The word “Gesamtkunstwerk” was used by German composer Richard Wagner to describe a total and complete work of art that makes use of all or many art forms. The word itself can be translated as “total work of art”, where “total” means complete/ideal/combined/mixed.
Wagner himself was not only the composer of the music for his music dramas, but also the librettist, scene designer, costume designer, choreographer, even architect of his own theatre, capable to stage his most demanding works. He therefore created complete works of art – and achieved everlasting glory in the process.
In today’s global market of Internet, where opportunities have skyrocketed along with hard competition, no “single” product can any longer make it to the top – unless, of course, it satisfies a need of any kind or has a strong and well established brandname.
The concept of “core business” or “core product” is now obsolete to its core.
Like a single white sheep among a herd of white sheep (some of them being actually wolves in sheep’s clothing) is indistinguishable from the rest, the same goes with shiny, promising and aspiring products among hundreds if not thousands other equally shiny, promising and aspiring products.
The chaotic environment of contemporary electronic markets, a simple by-product of the outrageous number of possible interconnections between any person and the rest of the world, is like an ocean with no land – often scourged by tempests.
This is why a new concept must be introduced, that of “Gesamtinternetprodukt”, i.e. “total Internet product” or CIP; meaning that in order for a product to be successful and achieve top-rank in sales, it must combine many virtues and take advantage of many fields of trade.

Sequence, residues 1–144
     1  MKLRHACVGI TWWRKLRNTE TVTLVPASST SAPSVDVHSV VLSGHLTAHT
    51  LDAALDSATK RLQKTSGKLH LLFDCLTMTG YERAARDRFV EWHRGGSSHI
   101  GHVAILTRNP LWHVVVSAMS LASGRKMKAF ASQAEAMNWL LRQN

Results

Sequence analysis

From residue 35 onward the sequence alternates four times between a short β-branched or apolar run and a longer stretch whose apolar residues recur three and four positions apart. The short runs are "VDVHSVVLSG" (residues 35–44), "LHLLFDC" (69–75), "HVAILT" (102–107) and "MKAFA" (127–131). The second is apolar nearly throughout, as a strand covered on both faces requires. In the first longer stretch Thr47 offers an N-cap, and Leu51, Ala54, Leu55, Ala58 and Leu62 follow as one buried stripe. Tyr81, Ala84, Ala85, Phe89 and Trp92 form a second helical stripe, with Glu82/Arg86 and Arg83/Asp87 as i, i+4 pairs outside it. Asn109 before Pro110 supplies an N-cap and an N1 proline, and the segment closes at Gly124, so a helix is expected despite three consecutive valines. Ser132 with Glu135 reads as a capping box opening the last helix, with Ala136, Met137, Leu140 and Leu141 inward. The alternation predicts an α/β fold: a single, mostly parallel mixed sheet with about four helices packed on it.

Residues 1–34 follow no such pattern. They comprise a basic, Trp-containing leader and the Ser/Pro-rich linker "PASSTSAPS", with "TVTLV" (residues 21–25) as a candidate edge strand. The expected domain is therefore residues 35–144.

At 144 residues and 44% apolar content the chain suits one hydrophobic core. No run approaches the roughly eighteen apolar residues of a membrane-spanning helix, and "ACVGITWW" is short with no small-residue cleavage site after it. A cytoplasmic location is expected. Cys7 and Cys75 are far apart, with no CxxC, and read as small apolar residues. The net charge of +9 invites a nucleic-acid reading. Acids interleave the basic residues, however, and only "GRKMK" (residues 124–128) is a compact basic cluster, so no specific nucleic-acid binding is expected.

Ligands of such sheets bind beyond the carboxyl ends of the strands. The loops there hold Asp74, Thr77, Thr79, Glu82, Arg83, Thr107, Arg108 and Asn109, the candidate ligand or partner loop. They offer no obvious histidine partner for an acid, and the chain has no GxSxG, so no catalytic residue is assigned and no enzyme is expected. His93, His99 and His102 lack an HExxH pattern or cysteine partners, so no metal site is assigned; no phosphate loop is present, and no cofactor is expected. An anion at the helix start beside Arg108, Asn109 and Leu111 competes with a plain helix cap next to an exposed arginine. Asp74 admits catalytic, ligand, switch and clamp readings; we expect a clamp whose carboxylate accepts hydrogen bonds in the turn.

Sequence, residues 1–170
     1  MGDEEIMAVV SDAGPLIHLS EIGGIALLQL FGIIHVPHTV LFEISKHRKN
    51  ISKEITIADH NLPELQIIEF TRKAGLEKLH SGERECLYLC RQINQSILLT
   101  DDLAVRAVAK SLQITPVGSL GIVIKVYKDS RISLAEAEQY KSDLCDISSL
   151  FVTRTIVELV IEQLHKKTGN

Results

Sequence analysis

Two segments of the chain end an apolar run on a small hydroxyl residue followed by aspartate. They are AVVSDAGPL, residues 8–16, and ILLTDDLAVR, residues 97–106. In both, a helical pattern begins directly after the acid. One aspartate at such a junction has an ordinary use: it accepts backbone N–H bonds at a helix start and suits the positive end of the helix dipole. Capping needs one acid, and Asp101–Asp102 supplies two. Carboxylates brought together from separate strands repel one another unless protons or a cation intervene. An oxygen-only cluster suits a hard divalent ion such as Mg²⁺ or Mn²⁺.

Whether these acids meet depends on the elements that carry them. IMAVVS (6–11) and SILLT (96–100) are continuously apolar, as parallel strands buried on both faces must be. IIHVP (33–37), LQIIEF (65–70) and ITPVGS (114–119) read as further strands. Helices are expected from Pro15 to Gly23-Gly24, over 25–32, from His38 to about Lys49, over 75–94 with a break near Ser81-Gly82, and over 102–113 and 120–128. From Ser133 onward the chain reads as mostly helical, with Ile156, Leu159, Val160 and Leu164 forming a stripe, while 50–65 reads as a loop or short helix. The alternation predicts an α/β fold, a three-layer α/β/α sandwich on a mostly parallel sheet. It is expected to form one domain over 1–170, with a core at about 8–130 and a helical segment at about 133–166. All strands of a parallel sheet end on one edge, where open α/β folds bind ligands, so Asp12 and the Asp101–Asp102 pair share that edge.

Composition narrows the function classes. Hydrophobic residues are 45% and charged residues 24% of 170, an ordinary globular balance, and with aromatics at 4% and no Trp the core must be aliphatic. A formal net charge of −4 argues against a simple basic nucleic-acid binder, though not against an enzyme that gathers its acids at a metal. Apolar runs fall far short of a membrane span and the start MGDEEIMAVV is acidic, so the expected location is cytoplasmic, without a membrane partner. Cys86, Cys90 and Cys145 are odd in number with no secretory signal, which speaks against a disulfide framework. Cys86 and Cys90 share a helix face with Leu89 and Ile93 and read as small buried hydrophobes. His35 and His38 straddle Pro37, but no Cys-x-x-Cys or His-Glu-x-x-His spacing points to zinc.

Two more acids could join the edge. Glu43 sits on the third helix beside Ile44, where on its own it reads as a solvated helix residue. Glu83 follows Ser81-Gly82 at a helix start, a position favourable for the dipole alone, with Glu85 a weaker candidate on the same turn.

The way of supporting a product through advertisement and marketing, no matter how sophisticated may were, is now also made obsolete.
Instead of “a” product, we should have a “bouquet” of products. Advertisements must be made products themselves, marketing must be utilised through other products, turned into product itself, and so forth.
Let’s take for example a book, of any topic or genre.
The common approach is to promote it through traditional advertisement; and, make no mistake, Google or Facebook ads is just traditional advertisement in a contemporary medium.
Imagine, though, creating a series of videos in YouTube, with the appropriate style, where you elaborate upon bits and pieces of your book, offering information, knowledge and entertainment.
Imagine, again, creating a blog to write about the theme(s) in the book, masterfully concealing more than you reveal, whetting the appetite of your audience for more.
Imagine, all these interconnected, independent and autonomous products living under the umbrella of a comprehensive website, the nexus of your business.
But all the above should not be just a cunning way of building an audience and cheating it into becoming your clients. In fact, the exact reverse situation is much more preferable – and effective.
After all, you get value only if you give value. And you can only become a millionaire if you (positively, in any way) affect millions.
Unlike Wagner, though, the above need not be done by one man alone; rather a small, well assembled team of colleagues can create and manage all these with minimum effort, quite some gusto and maximum efficiency.
Pursuing the endless and meaningless rat race, where you get to the cheese when you no more have teeth and your wrinkles can embarrass a Shar-Pei, is by all means a lost cause.
Instead of daily trading time for money, one can discover that by trying to create some value for society his/her time becomes a hard currency, which needs not to be traded any more.
As Schopenhauer most aptly noted: “Life is a business that does not cover the costs” – we have to cover them ourselves.